Each character in Glee is reflected in a musical realm. The only constant of Rachel’s character arc is her dramatic ambition which is perfectly translated into (a personal favourite) “Don’t Rain on my Parade”; Santana’s soulful yet fiery personality is encapsulated in her most streamed song ‘’Valerie”. Each of the songs that feature on the show seem to have something to say about the characters, their narratives and their relationships with each other. 

To begin with, the classic only seems natural. “Don’t Stop Believin’” made its first appearance in the pilot episode and crops up time and time again throughout the show’s following seasons. Without any elaborate sets or choreography, this is the song that sets the tone for the entire show. It’s at this moment that both the students and their teacher realise for the first time that they’re a part of something special.

“Somewhere Only We Know” (performed by Blaine and the Warblers) hits hard not only as an already emotional and iconic song, but also because it comes at a time when Kurt and Blaine are forced apart by Kurt moving school. Suddenly their new and exciting love has been threatened and this song is a desperate plea that they should hang on to each other.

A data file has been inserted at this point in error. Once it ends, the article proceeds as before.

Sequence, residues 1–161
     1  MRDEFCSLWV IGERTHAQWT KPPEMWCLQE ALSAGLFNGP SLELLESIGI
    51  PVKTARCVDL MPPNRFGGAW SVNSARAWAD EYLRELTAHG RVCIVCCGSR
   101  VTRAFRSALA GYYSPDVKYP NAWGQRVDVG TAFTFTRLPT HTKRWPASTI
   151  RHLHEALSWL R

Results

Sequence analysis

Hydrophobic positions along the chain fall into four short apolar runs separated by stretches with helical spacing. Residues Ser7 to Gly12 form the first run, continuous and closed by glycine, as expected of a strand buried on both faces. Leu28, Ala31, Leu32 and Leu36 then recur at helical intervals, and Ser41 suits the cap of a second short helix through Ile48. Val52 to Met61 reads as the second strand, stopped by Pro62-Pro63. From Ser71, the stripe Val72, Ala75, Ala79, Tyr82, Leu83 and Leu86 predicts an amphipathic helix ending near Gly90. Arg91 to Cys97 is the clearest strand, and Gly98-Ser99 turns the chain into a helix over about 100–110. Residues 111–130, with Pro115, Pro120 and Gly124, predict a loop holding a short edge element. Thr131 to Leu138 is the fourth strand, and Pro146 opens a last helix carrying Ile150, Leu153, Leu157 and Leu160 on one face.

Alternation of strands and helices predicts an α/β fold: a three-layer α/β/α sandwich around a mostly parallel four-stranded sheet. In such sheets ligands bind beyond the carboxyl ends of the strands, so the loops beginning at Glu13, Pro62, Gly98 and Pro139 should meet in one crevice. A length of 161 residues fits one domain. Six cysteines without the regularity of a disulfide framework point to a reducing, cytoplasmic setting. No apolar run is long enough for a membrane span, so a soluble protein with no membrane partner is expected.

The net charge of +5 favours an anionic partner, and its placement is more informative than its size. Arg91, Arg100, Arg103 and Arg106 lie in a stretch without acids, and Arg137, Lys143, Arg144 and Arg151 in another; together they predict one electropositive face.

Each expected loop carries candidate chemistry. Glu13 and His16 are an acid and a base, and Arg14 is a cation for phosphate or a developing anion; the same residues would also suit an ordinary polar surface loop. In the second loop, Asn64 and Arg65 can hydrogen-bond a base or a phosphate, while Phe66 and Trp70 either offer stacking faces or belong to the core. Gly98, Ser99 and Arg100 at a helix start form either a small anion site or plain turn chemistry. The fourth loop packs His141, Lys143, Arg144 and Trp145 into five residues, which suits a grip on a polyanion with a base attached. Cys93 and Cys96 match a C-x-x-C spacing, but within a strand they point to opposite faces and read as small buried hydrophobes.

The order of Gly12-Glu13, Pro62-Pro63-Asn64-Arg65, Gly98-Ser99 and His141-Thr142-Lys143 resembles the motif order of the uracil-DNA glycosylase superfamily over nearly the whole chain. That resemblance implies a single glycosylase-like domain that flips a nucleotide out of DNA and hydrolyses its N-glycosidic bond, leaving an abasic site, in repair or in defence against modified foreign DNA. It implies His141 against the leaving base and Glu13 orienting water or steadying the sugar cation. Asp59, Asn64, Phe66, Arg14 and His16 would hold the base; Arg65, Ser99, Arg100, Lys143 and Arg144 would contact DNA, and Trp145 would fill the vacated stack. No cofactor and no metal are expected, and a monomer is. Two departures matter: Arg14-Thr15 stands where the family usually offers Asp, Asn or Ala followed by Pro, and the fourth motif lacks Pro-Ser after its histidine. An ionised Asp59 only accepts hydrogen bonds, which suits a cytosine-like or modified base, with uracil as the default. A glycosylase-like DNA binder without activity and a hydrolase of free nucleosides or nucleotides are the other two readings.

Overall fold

Their cover of “Smooth Criminal” deviates from Michael Jackson’s energetic pop song, becoming an anthem of intolerance for violence and defence of friendship, as two members of rival show choirs battle their voices to the intense accompaniment of 2CELLOS after an attack on one of the teammates. 

This isn’t to say that the Glee cast had no flops – I for one could have gone without a puppet rendition of “What Does the Fox Say”, or their problematic cover of “Gangnam Style” – but with each of the more notable songs, it’s not about the production or the costumes or really the music. They stand out because they mean something – to the characters, to the audience, and to the narrative. These covers are not so much about the voices of the cast, but the bonds created between the audience and the characters.

Over the six seasons, Glee is an emotional rollercoaster. It’s the only show I can think of that can hit you with an incredibly emotional plot point, immediately followed by a ludicrous comedic scene, all rounded up with a poppy 2010s cover. Mic the Snare states in his Glee video essay that “at its core, Glee is a show about sad people looking for something greater”. That is what this show boils down to and that is what the music reflects, not only through its characters, but in the way that it has inspired the same behaviour from its audiences. 

Ultimately, this is a show about singing teenagers, some of whom (looking at you, Sugar) can’t even sing. It’s their relationships, however strange they may be, that make the show worthwhile and keep the tunes so good. If this has piqued your interest, you can watch all six seasons of Glee on Disney+, or stream the covers anywhere you get your music!